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ISLAMABAD: The International Monetary Fund (IMF) has asked Power Division to continue tariff rebasing on time for which power Distribution Companies (Discos) have been directed to file tariff petitions for 2024-25, well-informed sources told Business Recorder.

“The IMF’s condition is timely filing of tariff petitions and timely results. We are a little late in filing of tariff petitions, which are to be implemented from July 1, 2024. As Discos file their petitions, final number of required increase will be determined. With new rebasing, decades old references will also be changed,” sources clarified.

The visiting IMF team enquired about projected increase in tariff through rebasing and the response was that since tariff petitions are not yet finalized, numbers are not firmed up, sources added. Power Division has not calculated rebasing as dispute exists on overall projections for the FY 2024-25.

IMF not onboard with energy ministry’s tariff rationalisation, circular debt management plans

The IMF team has been informed that Power Division is on target to meet all agreed objectives including the burgeoning circular debt.

“We are on target on all the agreed commitments with the Fund. The IMF’s circular debt target was Rs 385 billion till December 2023 and we were at Rs 378 billion,” said sources.

Reform actions are also on track. The IGCEP is due next month, ie, April 2024. Process for privatisation of Discos has started. Commercial code will also be notified in April 2024, sources continued.

The sources said, issue of captive power plants is mainly related to Petroleum Division, which has the authority to disconnect their gas, after which they will be forced to shift to the electricity grid.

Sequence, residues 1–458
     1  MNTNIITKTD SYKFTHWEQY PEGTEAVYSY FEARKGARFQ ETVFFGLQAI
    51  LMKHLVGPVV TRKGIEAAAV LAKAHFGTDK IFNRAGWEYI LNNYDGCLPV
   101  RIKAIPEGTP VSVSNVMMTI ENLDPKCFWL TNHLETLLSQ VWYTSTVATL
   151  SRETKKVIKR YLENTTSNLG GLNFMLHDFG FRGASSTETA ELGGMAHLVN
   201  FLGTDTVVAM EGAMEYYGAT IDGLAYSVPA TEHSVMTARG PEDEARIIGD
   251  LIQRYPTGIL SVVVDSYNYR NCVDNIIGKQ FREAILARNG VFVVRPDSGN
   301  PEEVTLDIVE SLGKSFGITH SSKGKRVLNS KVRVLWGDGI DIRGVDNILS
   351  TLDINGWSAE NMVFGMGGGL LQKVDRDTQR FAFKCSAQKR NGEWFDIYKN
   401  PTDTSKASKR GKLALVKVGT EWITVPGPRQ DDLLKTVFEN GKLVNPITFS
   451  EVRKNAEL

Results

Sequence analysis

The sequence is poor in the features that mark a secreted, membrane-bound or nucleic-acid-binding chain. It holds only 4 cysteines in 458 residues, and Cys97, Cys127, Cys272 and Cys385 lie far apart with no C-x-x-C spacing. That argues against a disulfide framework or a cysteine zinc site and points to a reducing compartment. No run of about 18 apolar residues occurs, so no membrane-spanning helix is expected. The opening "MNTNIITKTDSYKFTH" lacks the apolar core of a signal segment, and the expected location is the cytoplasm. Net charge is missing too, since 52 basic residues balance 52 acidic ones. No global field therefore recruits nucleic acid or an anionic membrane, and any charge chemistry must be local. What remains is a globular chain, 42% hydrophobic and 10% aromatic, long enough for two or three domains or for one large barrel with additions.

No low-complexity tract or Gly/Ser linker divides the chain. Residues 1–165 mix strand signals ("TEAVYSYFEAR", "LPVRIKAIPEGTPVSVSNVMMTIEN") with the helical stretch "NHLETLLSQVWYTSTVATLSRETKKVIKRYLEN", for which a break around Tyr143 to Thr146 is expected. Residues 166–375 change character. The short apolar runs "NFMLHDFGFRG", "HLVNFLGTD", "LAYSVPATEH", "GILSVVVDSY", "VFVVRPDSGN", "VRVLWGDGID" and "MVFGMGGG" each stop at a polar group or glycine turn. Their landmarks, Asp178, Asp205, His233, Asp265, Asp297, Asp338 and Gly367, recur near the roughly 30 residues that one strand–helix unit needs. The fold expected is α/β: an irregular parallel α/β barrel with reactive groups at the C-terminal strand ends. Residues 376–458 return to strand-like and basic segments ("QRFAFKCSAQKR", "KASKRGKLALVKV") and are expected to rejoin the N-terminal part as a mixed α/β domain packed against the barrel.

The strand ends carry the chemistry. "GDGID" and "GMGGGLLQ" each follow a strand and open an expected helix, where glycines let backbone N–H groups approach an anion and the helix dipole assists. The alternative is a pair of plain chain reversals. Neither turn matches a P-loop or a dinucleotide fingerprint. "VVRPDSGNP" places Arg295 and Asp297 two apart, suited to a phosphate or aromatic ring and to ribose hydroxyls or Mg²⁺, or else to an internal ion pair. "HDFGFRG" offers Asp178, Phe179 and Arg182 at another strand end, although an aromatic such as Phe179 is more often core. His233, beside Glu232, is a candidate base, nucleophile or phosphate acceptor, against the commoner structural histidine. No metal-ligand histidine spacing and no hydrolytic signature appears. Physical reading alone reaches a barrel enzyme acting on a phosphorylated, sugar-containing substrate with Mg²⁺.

The IMF in its press release dated 20 March 2024 requested the government to “continue with the timely implementation of power and gas tariff adjustments to keep average tariffs consistent with cost recovery while protecting the vulnerable through the existing progressive tariff structures, thus avoiding any net Circular Debt (CD) accumulation in FY24.”

The Fund also urged the restoration of the energy sector’s viability by accelerating cost reducing reforms including through improving electricity transmission and distribution, moving captive power demand to the electricity grid, strengthening distribution company governance and management, and undertaking effective anti-theft efforts.

The sources stated that the IMF team asked two questions, not part of the program, to which the Power Division supplied answers: (i) IMF enquired where the budgeted (2023-24) Rs 48 billion was to be spent. Power Division confirmed that the amount is for the CPEC IPPs as this amount was agreed in the Standby Arrangement; and (ii) IMF team queried if the Rs 7 per unit Fuel Charges Adjustment (FCA) in January 2024 were as per projection. Power Division team replied that it was due to system constraints which was clarified during the Nepra chaired public hearing last month.

The sources said had NEPRA allowed required rebasing the financial impact of FCAs and QTAs would have been considerably less than what is being passed on these days.

“If rebasing is not done as per projections by the Regulator, the impact of positive FCAs and QTAs will be negligible. This time, we are making effort to firm up tariff rebasing early as compared to past practice,” the sources maintained.

Copyright Business Recorder, 2024

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